Whenever someone mentions anything ‘Angkor’, the first image that comes to most people’s minds is the impressive and daunting image of Angkor Wat. Angkor Wat is a magnificent temple complex that spans roughly 200 acres and includes the main temple, dozens of gopuras (carved towers over doorways), statues, galleries, libraries, towers, shrines, ponds, long promenades and smaller structures. Chua Say Tevoda is a group of small temples that sit roughly a mile away from the Angkor Wat complex and are classified as Angkor temples.
Most of the Angkor temples in Cambodia were built during the mid 1100’s and composed of standstone blocks and laterite. Sandstone was used on the exterior and visible interior parts of the buildings while laterite was used for outer walls and hidden structural elements. The material used to join the blocks and hold them in place has yet to be identified, but a type of natural resin or slaked lime composition is being investigated.
When you look around Siem Reap you may wonder where on earth all this stone came from. To build all of the Angkor era temples the residents had to use tens of millions of metric tons of sandstone which couldn’t be found in the nearby area. Interestingly, the entire city of Angkor used up far greater amounts of stone than all the Egyptian pyramids combined and occupied a greater area than modern-day Paris. Can you imagine having to import all of that stone through forests without the use of excavation equipment or trucks?
To get the stone from the area where it was quarried on Mount Kulen there are two possible routes. The first suggested route travels 22 miles down a canal heading towards Tonle Sap Lake, then a further 22 miles across the lake and another 9.3 miles upstream along Siem Reap River. That journey is roughly 56 miles. The other suggested, and most likely route, has been suggested to be a now-hidden canal that spans 22 miles from Mount Kulen to Angkor Wat. This route was suggested by Etsuo Uchida and Ichita Shimoda of Waseda University in Tokyo, Japan, when they discovered the canal on satellite imagery in 2012.
Chua Say Tevoda follows the same architectural and decorative style as it’s companion, Angkor Wat. Typical decorative elements are statues, Devatas (carvings of deity), Apsaras (female spirit of the clouds and waters in Hindu and Buddhist mythology) and bas-reliefs with extensive garlands and narrative scenes on pediments. Unfortunately, other decorative elements have been destroyed by looting and the passage of time, including gilded stucco on the towers, gilding on some figures on the bas-reliefs, and wooden ceiling panels and doors.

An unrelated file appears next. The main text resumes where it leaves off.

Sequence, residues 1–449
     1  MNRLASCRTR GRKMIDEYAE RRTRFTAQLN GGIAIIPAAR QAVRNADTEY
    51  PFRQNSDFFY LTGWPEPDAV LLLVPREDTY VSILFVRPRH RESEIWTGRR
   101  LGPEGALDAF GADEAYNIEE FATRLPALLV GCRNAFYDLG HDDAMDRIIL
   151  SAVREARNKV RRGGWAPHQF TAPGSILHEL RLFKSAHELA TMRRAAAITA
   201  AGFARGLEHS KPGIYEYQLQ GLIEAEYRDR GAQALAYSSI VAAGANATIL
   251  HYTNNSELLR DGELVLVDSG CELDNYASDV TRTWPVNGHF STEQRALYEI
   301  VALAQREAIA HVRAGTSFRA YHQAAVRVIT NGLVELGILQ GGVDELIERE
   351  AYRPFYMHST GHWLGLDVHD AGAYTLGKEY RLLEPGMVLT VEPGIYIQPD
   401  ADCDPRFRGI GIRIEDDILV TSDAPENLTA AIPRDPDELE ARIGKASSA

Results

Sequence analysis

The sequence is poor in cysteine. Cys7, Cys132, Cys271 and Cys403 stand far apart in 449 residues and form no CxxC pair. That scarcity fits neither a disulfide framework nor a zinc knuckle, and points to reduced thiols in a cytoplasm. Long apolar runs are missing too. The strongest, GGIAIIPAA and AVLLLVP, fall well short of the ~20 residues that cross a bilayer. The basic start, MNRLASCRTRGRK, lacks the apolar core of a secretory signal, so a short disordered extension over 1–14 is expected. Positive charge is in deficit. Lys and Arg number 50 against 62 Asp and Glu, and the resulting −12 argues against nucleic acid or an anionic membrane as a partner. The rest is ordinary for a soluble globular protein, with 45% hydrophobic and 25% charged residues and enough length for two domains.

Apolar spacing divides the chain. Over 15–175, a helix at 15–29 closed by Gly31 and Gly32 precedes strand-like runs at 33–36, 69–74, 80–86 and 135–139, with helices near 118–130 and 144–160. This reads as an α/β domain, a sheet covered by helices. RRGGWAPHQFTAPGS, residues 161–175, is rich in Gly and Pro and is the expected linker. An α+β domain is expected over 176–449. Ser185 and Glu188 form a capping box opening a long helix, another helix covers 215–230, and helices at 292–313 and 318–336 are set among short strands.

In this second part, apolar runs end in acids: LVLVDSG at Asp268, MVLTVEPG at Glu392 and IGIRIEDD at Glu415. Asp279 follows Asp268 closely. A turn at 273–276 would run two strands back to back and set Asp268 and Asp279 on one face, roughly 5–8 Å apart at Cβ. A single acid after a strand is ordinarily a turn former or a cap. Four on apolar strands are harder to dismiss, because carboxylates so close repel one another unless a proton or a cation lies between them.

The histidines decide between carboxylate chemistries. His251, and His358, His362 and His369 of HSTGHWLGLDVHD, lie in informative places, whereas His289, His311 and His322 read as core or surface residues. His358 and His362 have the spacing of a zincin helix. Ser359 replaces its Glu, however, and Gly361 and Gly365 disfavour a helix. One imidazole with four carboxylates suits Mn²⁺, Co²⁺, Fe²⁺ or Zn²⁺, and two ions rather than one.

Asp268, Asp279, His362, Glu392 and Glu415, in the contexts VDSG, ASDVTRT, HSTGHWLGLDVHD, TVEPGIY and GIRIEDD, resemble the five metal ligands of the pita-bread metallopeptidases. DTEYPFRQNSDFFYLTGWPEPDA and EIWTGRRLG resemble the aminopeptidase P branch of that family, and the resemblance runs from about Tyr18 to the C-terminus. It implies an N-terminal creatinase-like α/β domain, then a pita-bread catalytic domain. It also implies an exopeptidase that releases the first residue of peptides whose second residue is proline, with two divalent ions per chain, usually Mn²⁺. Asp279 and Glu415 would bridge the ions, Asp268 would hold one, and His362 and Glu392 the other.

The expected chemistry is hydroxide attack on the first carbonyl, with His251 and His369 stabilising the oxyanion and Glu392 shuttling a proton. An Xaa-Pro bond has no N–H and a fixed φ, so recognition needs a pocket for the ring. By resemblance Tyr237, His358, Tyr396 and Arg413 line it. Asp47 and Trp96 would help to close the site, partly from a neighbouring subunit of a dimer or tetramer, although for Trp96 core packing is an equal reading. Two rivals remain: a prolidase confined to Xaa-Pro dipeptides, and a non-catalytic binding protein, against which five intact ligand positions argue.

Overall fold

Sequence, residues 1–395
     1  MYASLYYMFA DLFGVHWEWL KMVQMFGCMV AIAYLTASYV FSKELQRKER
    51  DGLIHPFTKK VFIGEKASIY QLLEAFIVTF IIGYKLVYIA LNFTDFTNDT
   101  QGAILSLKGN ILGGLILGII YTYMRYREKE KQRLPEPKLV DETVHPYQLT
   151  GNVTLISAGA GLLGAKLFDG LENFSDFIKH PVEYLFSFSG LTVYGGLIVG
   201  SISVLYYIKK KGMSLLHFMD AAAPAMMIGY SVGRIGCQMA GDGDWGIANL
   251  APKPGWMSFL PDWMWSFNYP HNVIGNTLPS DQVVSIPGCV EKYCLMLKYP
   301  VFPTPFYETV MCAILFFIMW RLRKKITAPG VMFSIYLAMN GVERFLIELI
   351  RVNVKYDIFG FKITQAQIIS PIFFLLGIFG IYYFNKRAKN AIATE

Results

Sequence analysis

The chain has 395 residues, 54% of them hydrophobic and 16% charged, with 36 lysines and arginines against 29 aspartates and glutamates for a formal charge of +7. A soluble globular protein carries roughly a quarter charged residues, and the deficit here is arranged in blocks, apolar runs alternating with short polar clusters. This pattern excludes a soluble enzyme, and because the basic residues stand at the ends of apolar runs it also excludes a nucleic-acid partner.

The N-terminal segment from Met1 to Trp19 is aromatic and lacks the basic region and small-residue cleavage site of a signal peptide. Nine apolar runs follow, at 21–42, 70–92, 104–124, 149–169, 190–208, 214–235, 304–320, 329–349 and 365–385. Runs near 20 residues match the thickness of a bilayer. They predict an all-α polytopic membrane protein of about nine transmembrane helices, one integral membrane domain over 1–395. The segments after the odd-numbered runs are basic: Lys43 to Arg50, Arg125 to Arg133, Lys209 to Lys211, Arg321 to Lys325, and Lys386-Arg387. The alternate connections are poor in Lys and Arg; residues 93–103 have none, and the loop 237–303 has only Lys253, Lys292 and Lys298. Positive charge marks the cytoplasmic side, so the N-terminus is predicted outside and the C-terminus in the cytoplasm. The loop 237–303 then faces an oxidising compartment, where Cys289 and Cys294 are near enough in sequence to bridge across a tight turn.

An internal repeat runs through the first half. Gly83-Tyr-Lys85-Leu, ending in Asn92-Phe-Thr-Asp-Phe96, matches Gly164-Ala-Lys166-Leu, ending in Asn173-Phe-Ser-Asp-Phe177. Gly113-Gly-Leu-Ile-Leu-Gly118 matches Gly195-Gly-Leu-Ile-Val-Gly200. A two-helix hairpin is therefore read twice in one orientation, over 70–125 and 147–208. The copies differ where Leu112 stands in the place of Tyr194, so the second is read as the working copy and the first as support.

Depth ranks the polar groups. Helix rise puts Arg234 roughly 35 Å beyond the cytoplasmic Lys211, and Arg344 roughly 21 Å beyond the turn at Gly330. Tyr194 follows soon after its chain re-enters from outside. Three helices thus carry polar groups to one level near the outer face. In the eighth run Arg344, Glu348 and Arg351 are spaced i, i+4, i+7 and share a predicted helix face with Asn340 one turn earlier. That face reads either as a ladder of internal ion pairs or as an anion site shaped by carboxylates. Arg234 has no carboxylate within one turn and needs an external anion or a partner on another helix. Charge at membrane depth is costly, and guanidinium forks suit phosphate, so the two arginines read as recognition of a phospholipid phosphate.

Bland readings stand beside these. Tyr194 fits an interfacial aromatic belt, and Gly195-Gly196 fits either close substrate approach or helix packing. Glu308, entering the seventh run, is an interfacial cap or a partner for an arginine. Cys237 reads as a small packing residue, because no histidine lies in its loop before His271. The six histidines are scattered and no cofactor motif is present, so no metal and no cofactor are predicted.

But even though there has been a lot of damage from weather, age, looting and vandals the site still looks fascinating.
One of the interesting things about the Angkor temples is that they are still active Buddhist temples. Any temple you enter could reveal chamber with a devotee in the act of praying or meditation. During the days when the Angkor state religion was Hinduism, these areas were known as a cella. Cellas are small central chambers inside the temples. They were made small for three reasons: the temples were considered the homes of the gods and only needed to be big enough to house the statues of the gods, the rituals which were held in them were reserved for a small group of elite elite (in the capital of the Khmer only the god king could enter the shrine) and the technology at the time the temples were built could not yet make large airy halls.
Fruit and bottles of water were originally left at the shrines as a symbolic representation of the nectar of Dharma and the wish to achieve it. This reasoning is specific to Mahayana Buddhism. In the late 12th century King Jayavarman VII changed the state religion from Hinduism to Mahayana Buddhism. That lasted through 1243 when Indravarman II succeeded him and returned the state religion to Hinduism. Towards the end of the 13th century the state religion again shifted, but this time is was Theravada Buddhism and over the centuries Theravada Buddhism has replaced all other religions as the dominant religion of Cambodia.
In Theravada Buddhism each offering has a specific meaning. Incense is lit to symbolize the fragrance of pure moral conduct and as a reminder to conduct yourself in a pure and moral way. Water is offered as a symbol of purity, clarity and calmness. This offering is a personal reminder to practice the Buddha’s teachings, so as to cleanse the mind of desire, ill-will and ignorance, and to continue working to attain the state of purity that is necessary to achieve Enlightenment. Fruit is offered as a symbol of the fruit of Enlightenment, which is the ultimate goal of Buddhist practitioners. Fruit serves as a reminder that all actions have an effect for good or evil and to constantly be aware of the fruits of your actions.
What you see here is a porch leading to the cella. This porch is called a Mandapa and is usually facing East.
These are the feet of what is presumed to have been a Buddha statue, but it could possibly be the remnant of a Hindu statue. With the back and forth of the state religion and the erecting and removal of statues during that time, it is impossible to tell which religion these feet originally belonged to, but the orange cloth is symbolic of what Buddhist monks wear, thus denoting that these feet have been claimed as a Buddhist religious statue. Unless the body of the statue is ever recovered, we may never know what the truth really is.
This carving of a Buddha has fallen off the wall and been placed in one of the cella.
I can’t find anything that specifically says what the stone pedestals are, but based off similar items I’ve researched online and what they were used for, these look like sacrificial alters used to catch the blood of the animal being sacrificed and then to burn sacrificial offerings. Seeing as the central article is placed in direct line to where the statue of a Hindu god would have once stood and based off of similar items, my non-professional understanding is that the the stone to the left would have stood outside the temple for the actual sacrifice and once the blood had been collected from the sacrificed animal and the exterior rituals performed, the sacrifice would be burned inside the temple in the center stone.